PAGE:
The Hacker’s New Best Friend Could be Your USB Port

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It’s tiny and portable, yet perfect for storing large items. I’m talking about the good ol’ Universal Serial Bus (a.k.a USB) drive, the giveaway of choice at tradeshows across the world, and perfect for the easy storage and transfer of photos, documents, music and more. But you might want to think twice before plugging a free USB into your machine. The reason: USBs can now contract an undetectable—and unfixable—virus that can be spread quite easily.

News of this potent malicious software (often referred to as malware) has circled around the information security industry since researchers Karsten Noh and Jakob Lell described their new attack to a packed room at this year’s Black Hat security conference in early August.

The malware, dubbed BadUSB, can take over a computer, as well as redirect Internet-bound traffic to different site. But BadUSB’s danger doesn’t lie with its ability to execute code—this type of malware, called auto-run (because it runs automatically when the USB drive is inserted into your device), has been around for some time now. The danger lies with its ability to never be detected. BadUSB exploits how the USB standard was built and coded, and mixes malware with the device’s firmware—the code that tells the USB stick how to work. This intermingling of code makes the malware indistinguishable from normal, safe firmware.

Because of the danger this particular form of malware posed to the public at large, the pair refrained from releasing the code to attendees. That reasoning, however, didn’t sit well with another pair of researchers, who did publish the infectious malware after reverse engineering it. The malware that freaked out two security researchers enough to make them refrain from publishing their work is now out in the open.

USBs, long considered secure (perhaps incorrectly), are now major liabilities to consumers everywhere. So the question now is, should you be worried?

The answer is yes and no.

The good thing about this malware variant is that it’s isolated to just USB devices. But that’s also its danger: USB devices are so ubiquitous that consumers typically don’t pay them any attention—the best sort of attack vector hackers could hope for. Hackers could also hide this malware within a larger package and could, theoretically, infect a computer that would subsequently infect any and all USB devices that connect with that machine—thereby spreading the malware even further. All in all it’s pretty bad news.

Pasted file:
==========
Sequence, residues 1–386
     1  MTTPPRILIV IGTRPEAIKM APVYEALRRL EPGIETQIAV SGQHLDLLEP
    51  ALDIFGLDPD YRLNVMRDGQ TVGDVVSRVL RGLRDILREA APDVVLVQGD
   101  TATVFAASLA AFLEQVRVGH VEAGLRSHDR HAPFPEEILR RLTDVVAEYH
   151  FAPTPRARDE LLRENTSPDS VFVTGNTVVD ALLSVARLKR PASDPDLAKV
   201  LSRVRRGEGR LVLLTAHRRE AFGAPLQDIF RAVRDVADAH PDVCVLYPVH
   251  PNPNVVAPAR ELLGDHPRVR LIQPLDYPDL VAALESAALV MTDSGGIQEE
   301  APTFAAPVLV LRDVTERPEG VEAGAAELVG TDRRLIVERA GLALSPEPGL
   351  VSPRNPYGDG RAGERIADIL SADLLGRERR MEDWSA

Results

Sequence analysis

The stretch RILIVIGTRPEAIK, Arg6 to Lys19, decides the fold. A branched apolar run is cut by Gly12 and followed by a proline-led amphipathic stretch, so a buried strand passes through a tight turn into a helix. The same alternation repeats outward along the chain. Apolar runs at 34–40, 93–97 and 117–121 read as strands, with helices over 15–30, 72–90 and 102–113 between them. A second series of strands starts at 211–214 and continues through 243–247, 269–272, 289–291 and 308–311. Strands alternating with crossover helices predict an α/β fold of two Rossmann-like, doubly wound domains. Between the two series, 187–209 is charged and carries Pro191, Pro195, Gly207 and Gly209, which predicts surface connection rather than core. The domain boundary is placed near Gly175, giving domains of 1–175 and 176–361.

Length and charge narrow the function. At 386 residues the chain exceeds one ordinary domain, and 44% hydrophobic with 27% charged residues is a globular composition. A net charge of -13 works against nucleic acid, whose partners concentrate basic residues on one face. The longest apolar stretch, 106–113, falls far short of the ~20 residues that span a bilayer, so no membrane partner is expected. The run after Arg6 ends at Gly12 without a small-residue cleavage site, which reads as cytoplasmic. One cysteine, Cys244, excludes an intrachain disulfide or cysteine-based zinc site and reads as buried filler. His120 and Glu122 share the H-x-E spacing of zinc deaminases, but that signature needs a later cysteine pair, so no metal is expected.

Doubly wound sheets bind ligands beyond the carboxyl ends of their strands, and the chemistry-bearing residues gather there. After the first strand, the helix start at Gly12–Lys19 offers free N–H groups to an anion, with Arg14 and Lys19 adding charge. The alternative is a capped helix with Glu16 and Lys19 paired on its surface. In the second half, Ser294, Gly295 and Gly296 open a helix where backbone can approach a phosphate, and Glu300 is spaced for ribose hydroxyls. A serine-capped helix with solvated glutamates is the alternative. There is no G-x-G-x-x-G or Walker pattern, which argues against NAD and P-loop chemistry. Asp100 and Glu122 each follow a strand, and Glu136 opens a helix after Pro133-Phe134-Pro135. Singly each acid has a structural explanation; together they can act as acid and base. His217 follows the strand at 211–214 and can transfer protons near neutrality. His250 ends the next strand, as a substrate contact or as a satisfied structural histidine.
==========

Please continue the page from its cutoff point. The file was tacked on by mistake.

So why did these researchers knowingly, and publicly, publish such dangerous malware? Because they want to see this security issue fixed, and the only way they’re convinced it’ll be fixed is by lighting a fire under USB manufacturers.

They’re not entirely wrong, either. Manufacturers, largely for business reasons, have been notoriously slow in fixing security issues (called patching), and USB drives are no different. By publicly making this code available, the pair of researchers will deny USB manufacturers the ability to claim that they weren’t aware of security vulnerabilities on USB. That knowledge, it’s theorized, will drive better security further down the road.

Publishing this code was well intentioned, and, truthfully, is a fairly standard practice in the information security industry. But this particular malware is going to cause a lot of headaches for quite a few years (likely a decade). So what can you do to protect yourself while this newfound attack vector is out in the wild? Well there are a few options available:

  • Use caution with free USB drives. A lot of companies like to go to major conferences and events and hand out free USB drives. This is bad security practice. Free USBs have always carried the risk of being preloaded with malware, and now the risk has doubled. You don’t have to turn down free USBs drives, but you do have to be conscious of the risk you’re running when you don’t know where that USB has been. If you’re uncertain if a USB is safe, run a scan.
  • Lock down your computers. USBs have long been a reliable method of compromising computers. All it takes is an unknowing person to plug a USB drive into a port, and the damage is done. Never leave your computer sitting out in a public place where someone could access your USB port.
  • Use comprehensive security. BetweenUSB devices, computers and mobile phones —all the technology we own is a security risk. So how can you minimize the likelihood of getting infected by malware? By using comprehensive security like McAfee LiveSafe™ service, which provides a comprehensive shield against malware, phishing attacks and a variety of other nasties aimed at compromising your digital life. McAfee LiveSafe also automatically scans USBs when they’re connected to your computer, for known malware. This is a step you cannot afford to skip in the protection of your valuable information.

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Categories: Consumer Threat Notices
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One comment on “The Hacker’s New Best Friend Could be Your USB Port

  • I understand that McAfee LiveSafe™ can help protect the BadUSB virus from this article.. However, infact I beleive it is a threat vector that's coming from firmware and our AV solution doesn't provide a protection against this.

    Reply

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